The term ‘circulating supply’ refers to the number of tokens currently circulating on the market that market participants can own and trade. It is an essential metric investors use to compare the valuations of different tokens.
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Projects don’t usually have a constant circulating supply of their tokens. Instead, token supply increases and decreases regularly. For example, protocols like Bitcoin (BTC) create and add tokens to their circulation through minería. In the case of centralized tokens, project developers can increase supply through instantaneous mining.
A portion of tokens also go out of circulation unintentionally as some people send them to unused addresses, or lose their wallet access. Therefore, the circulating supply of a token is never an exact number but the best approximation – for example, it is approximated that around 20% of all BTC has been permanently lost.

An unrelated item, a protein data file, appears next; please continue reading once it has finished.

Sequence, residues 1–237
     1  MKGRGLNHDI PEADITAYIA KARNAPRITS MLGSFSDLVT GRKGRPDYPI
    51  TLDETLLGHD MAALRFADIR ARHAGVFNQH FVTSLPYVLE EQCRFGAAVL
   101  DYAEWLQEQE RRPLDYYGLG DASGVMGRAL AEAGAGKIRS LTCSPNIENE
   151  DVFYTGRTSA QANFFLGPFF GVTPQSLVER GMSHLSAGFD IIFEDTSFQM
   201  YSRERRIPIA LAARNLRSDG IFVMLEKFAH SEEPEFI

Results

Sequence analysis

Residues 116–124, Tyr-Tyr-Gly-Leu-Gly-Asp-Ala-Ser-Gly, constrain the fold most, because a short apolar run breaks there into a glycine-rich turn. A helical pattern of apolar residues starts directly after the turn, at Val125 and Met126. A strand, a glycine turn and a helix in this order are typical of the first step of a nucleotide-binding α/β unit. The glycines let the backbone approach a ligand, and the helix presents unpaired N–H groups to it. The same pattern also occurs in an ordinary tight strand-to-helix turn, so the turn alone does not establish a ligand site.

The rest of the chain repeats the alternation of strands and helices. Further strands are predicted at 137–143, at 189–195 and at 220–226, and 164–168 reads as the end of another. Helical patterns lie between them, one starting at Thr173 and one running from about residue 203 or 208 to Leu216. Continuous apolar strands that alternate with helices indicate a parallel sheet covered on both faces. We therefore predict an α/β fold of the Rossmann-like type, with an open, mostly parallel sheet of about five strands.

Some projects can also control their tokens’ circulating supply at will. For example, suppose project X has an initial plan to mine 100 billion tokens. In this case, it can release only half its tokens upon launch. There will still be 50 billion tokens on hold, which the project can gradually release into circulation over time, according to their Tokenomics plan and intended goals.
Using circulating supply to calculate market cap
Due to the openness and transparency of blockchain-based protocols, all the information needed to calculate their capitalización de mercado (market cap) is publicly available. You need only a token’s current market price and circulating supply for this calculation. For instance, if a project has a circulating supply of 1 million tokens whose current price is 7 USD per token, its market cap would be 7 million USD (circulating supply x token price).